The Public Interest and Accountability Committee (PIAC) and the Institute for Energy Security (IES) want government to address what they describe as “unsustainable indebtedness” to the Ghana National Gas Company (GNGC).
At the end of 2019, the Volta River Authority (VRA) and other players in the energy space owed GNGC US$865.57 million for gas bought – and given the importance of liquidity to the power sector, PIAC believes that government must intervene in order to ensure sustainability of the energy sector.
The Committee described the role of Ghana Gas in the energy sector as “key”, because it supplies gas to power producers, and is of the view that failure to address the problem could have dire consequences for the sector, particularly power generation, while the IES is warning against liquidity crisis and another legacy debt.
Meanwhile, the company’s predicaments go beyond the money others owe to it. For instance, GNGC owes the Ghana National Petroleum Corporation (GNPC) US$668million, relating to the supply of 20,805.71 MMSCF of gas in 2019.
In addition to the GNPC debt, Ghana Gas also owes the Public Utilities Regulatory Commission (PURC) US$83million in regulatory levies. “This includes an outstanding amount of US$74million from previous years, and a 2019 debt of US$10million,” PIAC said in its 2019 annual report.
Set against its receivables of US$866million, GNGC, the report added, is fully capable of honouring its debt obligations should its debtors pay their debts. However, the rate of debt accumulation and indebtedness to GNGC – resulting from gas bought from GNPC and gas supplied power producers could increase in 2020 – remains a concern for PIAC.
PIAC’s Technical Manager, Mark Agyemang, lamented that the state-owned gas processor’s growing debt is becoming unsustainable and therefore requires government’s attention to avert an impending crisis.
To the IES, the liquidity problems faced by GNGC do not bode well for the entire energy sector. Its Executive Director, Paa Kwasi Anamua Sakyi, believes that the situation if not addressed could impact negatively on gas supply to thermal power producers, and consequently electricity supply.
“They [Ghana Gas] form a very key point in our power generation, knowing very well that Ghana Gas supplies the cheapest form of fuel for the power sector. So, if there is any form of liquidity challenge that could impact on their operations, it impacts the supply of natural gas,” Mr. Anamua Sakyi told the B&FT.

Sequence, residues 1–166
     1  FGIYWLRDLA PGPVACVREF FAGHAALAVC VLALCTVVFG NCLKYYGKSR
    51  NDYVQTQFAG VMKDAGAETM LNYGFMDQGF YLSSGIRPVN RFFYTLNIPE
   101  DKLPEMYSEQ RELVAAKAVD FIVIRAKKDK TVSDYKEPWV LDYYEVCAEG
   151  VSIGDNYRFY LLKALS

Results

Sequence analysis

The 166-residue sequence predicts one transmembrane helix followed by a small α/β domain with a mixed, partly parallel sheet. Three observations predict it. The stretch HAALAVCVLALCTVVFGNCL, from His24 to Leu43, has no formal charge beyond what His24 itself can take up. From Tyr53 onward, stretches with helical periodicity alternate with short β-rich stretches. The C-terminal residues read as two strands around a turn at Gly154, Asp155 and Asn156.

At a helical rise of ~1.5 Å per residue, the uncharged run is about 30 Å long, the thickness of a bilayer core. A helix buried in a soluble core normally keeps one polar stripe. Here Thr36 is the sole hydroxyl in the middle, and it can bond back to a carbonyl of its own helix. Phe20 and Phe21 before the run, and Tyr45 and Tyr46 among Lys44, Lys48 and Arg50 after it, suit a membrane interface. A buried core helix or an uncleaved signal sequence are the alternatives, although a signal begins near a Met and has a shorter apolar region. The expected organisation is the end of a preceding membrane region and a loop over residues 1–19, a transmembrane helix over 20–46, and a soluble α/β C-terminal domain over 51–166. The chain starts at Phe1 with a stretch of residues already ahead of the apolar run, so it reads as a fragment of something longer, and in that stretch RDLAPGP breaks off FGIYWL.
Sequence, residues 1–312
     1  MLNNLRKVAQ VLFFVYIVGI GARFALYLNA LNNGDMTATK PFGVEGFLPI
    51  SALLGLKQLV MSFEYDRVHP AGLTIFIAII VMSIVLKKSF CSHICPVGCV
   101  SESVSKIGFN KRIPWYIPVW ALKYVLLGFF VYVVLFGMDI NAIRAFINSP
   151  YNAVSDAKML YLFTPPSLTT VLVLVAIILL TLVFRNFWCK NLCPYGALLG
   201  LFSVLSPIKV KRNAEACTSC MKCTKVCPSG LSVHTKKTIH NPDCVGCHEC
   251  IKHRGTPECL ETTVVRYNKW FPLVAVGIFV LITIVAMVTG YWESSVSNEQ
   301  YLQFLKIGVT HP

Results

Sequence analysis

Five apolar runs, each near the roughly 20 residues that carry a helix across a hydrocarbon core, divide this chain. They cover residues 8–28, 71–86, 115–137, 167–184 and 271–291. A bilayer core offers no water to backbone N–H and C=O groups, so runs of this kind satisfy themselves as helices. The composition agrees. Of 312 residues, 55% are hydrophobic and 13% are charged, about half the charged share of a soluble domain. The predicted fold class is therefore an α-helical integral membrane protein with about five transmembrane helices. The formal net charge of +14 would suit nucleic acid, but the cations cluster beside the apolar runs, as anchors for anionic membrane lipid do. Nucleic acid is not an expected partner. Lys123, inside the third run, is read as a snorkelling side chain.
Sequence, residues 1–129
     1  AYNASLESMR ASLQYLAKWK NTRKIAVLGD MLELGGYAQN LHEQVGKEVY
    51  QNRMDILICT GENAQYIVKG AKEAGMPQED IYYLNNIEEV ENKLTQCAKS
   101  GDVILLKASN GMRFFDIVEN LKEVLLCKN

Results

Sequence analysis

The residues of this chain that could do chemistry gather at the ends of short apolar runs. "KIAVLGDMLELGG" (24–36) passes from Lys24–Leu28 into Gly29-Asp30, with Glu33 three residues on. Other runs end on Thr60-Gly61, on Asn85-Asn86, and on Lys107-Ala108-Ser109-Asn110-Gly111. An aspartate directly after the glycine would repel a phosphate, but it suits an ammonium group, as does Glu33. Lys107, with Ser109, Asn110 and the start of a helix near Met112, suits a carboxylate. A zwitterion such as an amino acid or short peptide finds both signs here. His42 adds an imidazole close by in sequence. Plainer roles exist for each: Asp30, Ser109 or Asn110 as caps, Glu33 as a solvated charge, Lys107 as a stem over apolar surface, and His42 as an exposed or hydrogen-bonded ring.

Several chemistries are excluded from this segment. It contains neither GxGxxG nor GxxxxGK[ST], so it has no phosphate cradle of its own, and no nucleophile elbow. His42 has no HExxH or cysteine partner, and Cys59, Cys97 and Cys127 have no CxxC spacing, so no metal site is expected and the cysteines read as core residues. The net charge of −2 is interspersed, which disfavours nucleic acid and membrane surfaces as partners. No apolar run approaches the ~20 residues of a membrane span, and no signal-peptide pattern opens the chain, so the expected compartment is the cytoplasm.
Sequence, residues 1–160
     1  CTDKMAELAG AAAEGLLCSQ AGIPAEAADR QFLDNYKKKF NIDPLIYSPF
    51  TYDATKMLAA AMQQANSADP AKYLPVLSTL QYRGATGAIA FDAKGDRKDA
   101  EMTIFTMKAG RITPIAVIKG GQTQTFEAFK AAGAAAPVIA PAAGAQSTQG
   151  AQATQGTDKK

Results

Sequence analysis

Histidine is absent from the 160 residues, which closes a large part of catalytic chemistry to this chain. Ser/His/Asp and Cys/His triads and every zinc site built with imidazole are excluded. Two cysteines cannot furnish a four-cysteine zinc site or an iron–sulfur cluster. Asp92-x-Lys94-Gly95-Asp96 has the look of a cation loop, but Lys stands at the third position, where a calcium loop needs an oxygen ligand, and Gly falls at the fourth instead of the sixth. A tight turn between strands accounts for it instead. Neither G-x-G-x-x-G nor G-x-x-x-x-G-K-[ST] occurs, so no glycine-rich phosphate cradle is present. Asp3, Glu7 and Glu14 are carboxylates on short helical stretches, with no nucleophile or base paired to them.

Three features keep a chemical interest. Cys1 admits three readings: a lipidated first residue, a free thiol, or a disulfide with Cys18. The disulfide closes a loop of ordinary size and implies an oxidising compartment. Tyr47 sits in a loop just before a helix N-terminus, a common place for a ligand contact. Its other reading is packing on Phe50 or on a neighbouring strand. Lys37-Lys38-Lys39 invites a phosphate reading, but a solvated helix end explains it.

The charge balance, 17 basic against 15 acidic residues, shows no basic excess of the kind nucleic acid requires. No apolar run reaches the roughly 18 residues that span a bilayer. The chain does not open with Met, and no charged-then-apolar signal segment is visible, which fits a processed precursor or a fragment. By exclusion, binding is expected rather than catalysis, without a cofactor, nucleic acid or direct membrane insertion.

He said liquidity remains key because it determines reliability of power supply, and that back in 2015-2016 when the country experienced erratic power supply the problem was not about installed capacity but money to fuel and fire generation plants.
Although today almost all generation plants are dual-fuel fired – liquid and gas fuels, he said gas remains the wisest choice because it is relatively cheaper than liquid fuel. “That is why we think that Ghana Gas is a key determinant in our power supply. So, it is very important that we address the issues confronting Ghana Gas so as to be assured of adequate and reliable supply of natural gas; if not, dumsor is not far from us.”
The energy sector, apart from the GNGC liquidity constraints, is already debt-ridden with a debt of about US$1.4billion owed to Independent Power Producers (IPP) alone – in addition to the millions owed to the Ghana Grid Company, GRIDCo, among others.
“Today, the ordinary power consumer pays taxes to clear all these debts, but they keep going up every day. How do we fix Tema Oil Refinery if we have this debt in the sector?” he quizzes, adding that whatever is owed GRIDCo, Electricity Company of Ghana, GNGC and the IPPs has an impact on the operations of other players like BOST.
To avoid another crisis similar to the legacy debt once owed to bulk oil distributors and which government completed paying in February this year, PIAC and IES want government to be proactive and disciplined in its implementation of the cash waterfall mechanism.
Implementation of the cash waterfall mechanism – a payment system that allows debtors to pay higher-tiered creditors their full interest and principal first before lower-tiered creditors receive their own principal and interest payment – began last April.
The mechanism is part of a wider strategy to ensure an equitable distribution of energy sector revenues to all stakeholders in the value chain, and seeks to put an end to the practice whereby some power producers are given priority over others in terms of financing.